By Timothy Cama - 04/30/14 12:49 PM EDT
Amos Hochstein, who heads the State Department’s energy diplomacy efforts, told a House panel Wednesday that his department has been working for years to provide energy security for Europe, and liquefied natural gas (LNG) exports from the United States are only part of the equation.
“While critically important, U.S. energy resources, including LNG exports, are just one tool among many that we can and are utilizing to address the energy security challenges in Europe and elsewhere,” Hochstein told a House Oversight subcommittee.
Hochstein’s testimony was part of a hearing the panel held about the government’s policies concerning LNG exports. The Department of Energy must review all applications to ship LNG to countries with which the United States does not have a free-trade agreement.
“The crisis led many to argue that accelerated approval of LNG exports is the magical solution to provide energy security to our European allies and partners,” Hochstein said.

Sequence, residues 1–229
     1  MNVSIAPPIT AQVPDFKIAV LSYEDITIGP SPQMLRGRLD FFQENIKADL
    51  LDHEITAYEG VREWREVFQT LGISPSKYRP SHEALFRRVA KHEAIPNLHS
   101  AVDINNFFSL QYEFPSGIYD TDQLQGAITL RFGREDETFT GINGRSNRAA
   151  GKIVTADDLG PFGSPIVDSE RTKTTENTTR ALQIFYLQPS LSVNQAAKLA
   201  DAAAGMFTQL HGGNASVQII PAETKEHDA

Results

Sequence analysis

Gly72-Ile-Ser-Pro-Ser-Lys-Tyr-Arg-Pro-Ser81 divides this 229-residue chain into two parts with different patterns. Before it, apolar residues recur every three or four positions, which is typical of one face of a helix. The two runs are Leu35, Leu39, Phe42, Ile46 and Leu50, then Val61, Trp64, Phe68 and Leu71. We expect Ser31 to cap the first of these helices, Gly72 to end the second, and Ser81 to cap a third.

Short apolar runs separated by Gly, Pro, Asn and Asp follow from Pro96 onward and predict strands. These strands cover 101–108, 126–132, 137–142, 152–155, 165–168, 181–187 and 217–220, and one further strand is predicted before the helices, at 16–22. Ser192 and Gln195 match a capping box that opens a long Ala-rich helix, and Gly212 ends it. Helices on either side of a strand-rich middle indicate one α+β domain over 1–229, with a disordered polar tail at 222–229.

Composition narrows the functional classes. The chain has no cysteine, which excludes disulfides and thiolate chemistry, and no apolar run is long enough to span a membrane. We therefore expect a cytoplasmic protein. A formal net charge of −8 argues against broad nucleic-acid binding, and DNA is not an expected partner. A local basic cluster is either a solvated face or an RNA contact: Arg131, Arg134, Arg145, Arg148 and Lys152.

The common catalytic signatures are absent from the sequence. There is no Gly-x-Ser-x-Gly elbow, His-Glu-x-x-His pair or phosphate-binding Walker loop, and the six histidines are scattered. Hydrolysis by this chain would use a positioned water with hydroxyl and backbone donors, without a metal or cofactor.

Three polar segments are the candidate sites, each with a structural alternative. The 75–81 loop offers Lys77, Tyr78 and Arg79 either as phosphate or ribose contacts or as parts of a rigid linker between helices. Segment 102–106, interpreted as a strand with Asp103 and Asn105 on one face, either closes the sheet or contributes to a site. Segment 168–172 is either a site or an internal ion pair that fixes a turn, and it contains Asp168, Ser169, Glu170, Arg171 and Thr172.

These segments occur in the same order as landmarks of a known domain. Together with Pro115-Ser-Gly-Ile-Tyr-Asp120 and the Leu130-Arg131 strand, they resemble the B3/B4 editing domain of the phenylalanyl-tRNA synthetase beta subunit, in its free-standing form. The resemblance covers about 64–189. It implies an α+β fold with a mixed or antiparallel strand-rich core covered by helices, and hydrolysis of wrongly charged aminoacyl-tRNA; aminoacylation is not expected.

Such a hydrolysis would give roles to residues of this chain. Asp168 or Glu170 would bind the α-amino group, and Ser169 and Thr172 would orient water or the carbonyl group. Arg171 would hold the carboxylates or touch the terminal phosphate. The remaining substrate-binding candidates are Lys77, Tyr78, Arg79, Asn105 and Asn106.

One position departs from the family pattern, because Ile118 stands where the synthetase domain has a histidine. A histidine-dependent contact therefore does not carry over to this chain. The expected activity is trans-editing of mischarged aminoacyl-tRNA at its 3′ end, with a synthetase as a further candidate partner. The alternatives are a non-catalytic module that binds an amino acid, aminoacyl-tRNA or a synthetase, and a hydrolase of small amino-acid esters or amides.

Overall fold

The State Department’s efforts to increase energy security among U.S. allies kicked into high gear in 2009. That year, Russia cut off natural gas supplies to Ukraine and much of Europe.
“The U.S. has been working closing with the EU to prevent a repeat of the 2009 crisis,” he said.
Efforts by the United States and the European Union in the years since that crisis have significantly improved energy security, Hochstein said.
The steps have included modifying natural gas pipelines so that they can be reversed, to bring gas into and through Europe from places other than Russia. Europe changed its regulatory framework around energy to enable a wide range of infrastructure changes.
“These are steps that could not have happened had we not learned the lessons from 2009 and spent the last four to five years working with our EU partners to make those changes available and capable,” Hochstein said.
State is now working to encourage Eastern European countries to build terminals to import LNG, so that the countries can actually receive gas when U.S. exports begin, which could be as early as next year.